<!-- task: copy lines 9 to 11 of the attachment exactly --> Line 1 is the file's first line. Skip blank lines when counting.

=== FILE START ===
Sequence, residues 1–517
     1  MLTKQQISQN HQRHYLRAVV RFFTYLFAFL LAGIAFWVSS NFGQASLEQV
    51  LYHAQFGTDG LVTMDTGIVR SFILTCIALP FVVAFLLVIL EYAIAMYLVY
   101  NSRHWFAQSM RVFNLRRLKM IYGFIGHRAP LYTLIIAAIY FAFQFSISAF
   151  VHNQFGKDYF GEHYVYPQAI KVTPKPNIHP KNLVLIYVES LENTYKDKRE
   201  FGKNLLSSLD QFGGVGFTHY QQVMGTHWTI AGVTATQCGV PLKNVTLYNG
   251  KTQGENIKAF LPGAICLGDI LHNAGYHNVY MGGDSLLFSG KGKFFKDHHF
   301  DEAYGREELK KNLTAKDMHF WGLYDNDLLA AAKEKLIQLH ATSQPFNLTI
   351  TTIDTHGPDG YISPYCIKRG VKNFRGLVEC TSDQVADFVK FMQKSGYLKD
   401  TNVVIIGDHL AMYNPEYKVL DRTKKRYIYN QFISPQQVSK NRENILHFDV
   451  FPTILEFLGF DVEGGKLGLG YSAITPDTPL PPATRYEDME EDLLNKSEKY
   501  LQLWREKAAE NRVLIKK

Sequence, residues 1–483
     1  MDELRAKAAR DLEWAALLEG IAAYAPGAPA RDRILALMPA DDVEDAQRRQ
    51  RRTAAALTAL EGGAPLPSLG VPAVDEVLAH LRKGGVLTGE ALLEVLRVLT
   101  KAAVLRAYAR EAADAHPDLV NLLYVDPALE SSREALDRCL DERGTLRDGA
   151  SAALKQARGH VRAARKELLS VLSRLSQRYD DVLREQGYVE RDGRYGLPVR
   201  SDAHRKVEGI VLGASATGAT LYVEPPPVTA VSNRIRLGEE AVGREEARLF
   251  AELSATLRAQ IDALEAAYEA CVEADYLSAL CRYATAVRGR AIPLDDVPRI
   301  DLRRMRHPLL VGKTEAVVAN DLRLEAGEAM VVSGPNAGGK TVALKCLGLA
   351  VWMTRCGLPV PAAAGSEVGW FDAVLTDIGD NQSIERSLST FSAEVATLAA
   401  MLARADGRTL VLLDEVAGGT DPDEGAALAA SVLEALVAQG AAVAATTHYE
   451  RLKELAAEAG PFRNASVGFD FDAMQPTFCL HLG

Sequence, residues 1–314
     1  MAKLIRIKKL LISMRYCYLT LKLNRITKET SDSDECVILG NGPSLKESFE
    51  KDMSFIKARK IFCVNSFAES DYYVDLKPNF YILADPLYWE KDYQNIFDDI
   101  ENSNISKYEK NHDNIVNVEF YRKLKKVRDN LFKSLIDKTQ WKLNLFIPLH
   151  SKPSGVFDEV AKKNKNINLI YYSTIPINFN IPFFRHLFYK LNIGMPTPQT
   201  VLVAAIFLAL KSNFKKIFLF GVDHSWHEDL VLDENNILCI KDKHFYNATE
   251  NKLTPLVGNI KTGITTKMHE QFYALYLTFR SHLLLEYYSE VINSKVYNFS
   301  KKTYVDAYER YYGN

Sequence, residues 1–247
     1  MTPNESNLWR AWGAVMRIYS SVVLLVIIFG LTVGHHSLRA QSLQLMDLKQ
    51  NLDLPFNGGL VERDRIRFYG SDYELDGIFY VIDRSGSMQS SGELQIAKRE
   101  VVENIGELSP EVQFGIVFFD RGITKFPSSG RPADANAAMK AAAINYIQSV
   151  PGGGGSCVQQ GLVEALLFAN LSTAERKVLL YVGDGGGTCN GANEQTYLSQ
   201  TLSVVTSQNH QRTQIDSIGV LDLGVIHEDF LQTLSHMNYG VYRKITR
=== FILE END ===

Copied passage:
   351  TTIDTHGPDG YISPYCIKRG VKNFRGLVEC TSDQVADFVK FMQKSGYLKD
   401  TNVVIIGDHL AMYNPEYKVL DRTKKRYIYN QFISPQQVSK NRENILHFDV
   451  FPTILEFLGF DVEGGKLGLG YSAITPDTPL PPATRYEDME EDLLNKSEKY